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Job's Tears

Fr. Richard growing Job's TearsFather Richard Walz is one of our masters at making and crafting rosaries. Fr. Richard began making rosaries soon after he returned from his appointment in Belize in 2003.  He began by making mostly rosary bracelets, as that was something different and he didn’t want to flood the market and become competition to the other Rosary making monk: Br. Louis. Not surprisingly, it doesn’t take long to make enough bracelets for everybody in the neighborhood and so he soon turned to making rosaries.

When Br. Louis got to the point where he could not see well enough to make rosaries any more, Father took up the slack copying many of his ideas. He began making “Trojan Rosaries” [Orange & Blue beads], “Holstein Rosaries” [Black and White beads with no particular order], and other rosaries based on school colors.

His little area grew when one of his sisters gave him a fruit jar of Job’s Tears beads that his mother, Bertha, had grown sometime in the mid 1990s. Soon after that he made a Job’s Tears rosary for each one of his brothers & sisters and gave it to them for Christmas that year. Then he started actually growing Job’s Tears himself and making more rosaries. People are often amazed when he shows them his Job’s Tears plants growing in the garden. The plant looks a lot like Johnson Grass, but it produces the beads that he now uses to make rosaries.He cultivates them diligently in our Abbey gardens with lots of care and watering. When the seeds are ready, they are picked and then a small hole is drilled through each one. He then carefully uses wire and other rosary tools to make this internationally famous rosary that most people remember as "Mother Teresa's Rosary." Some call it a living rosary, and others call it simply a "Job's Tears" rosary. This is truly a rosary that takes months to make and it lasts a lifetime.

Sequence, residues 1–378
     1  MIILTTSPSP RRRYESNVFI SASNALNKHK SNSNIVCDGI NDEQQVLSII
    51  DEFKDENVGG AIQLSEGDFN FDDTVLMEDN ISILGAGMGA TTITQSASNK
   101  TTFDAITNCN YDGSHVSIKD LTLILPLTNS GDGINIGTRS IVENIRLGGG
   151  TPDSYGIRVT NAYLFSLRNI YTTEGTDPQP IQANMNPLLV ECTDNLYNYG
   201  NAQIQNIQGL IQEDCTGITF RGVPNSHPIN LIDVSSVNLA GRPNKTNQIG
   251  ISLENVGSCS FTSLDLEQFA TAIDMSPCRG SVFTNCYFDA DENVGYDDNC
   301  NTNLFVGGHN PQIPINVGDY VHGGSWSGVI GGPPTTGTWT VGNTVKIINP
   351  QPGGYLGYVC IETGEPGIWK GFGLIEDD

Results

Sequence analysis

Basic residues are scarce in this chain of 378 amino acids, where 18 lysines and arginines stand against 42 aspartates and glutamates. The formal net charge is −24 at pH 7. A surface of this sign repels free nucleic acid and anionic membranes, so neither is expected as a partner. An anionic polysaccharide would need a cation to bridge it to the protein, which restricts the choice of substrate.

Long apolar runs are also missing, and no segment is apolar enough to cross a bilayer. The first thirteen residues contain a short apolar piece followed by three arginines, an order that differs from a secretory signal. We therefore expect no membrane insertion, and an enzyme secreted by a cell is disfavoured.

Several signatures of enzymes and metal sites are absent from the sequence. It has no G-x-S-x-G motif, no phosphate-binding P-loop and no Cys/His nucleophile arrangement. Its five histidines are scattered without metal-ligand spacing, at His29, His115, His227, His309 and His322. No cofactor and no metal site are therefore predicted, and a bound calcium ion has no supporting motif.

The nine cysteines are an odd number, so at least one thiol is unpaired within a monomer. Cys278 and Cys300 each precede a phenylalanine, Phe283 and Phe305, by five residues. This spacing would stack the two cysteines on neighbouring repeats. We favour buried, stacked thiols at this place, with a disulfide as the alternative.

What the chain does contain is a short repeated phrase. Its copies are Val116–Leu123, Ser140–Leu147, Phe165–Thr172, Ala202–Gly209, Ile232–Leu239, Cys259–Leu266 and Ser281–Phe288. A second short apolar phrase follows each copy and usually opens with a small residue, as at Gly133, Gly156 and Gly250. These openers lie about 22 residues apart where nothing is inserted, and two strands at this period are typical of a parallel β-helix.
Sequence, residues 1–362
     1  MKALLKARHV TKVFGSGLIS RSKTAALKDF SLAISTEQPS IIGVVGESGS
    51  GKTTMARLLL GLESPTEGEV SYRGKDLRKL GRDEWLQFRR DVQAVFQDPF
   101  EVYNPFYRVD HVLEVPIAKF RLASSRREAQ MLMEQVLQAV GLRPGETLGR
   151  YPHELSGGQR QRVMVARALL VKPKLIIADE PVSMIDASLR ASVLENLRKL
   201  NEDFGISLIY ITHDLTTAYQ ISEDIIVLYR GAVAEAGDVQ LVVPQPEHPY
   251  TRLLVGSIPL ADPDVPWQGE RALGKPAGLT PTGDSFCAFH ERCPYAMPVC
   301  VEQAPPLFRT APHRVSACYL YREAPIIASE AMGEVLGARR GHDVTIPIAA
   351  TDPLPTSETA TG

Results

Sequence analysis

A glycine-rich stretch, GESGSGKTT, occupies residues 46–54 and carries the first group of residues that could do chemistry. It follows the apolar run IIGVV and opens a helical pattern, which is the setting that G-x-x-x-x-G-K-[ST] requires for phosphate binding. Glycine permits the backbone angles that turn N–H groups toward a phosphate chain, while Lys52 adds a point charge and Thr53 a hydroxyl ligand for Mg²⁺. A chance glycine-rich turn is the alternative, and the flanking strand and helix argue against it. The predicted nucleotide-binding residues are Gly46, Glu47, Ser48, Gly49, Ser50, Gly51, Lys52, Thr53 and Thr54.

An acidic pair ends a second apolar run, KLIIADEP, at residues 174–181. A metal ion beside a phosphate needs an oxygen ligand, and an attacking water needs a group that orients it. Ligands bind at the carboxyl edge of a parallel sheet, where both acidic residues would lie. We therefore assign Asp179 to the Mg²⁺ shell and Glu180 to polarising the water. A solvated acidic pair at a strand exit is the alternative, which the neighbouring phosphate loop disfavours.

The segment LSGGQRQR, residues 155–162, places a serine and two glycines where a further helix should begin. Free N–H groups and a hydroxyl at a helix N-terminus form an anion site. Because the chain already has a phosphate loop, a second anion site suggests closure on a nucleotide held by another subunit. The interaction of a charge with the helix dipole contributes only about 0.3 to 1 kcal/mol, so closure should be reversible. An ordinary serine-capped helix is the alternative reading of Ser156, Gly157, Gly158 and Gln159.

• Job's Tears

    Job's Tears
    $35.00

    Job's-tears, a tall tropical plant of the family Gramineae (grass family), Coix lacrymajobi, native to East Asia and Malaya but cultivated in gardens as an annual and naturalized in the Southern United States and New World...

     


 

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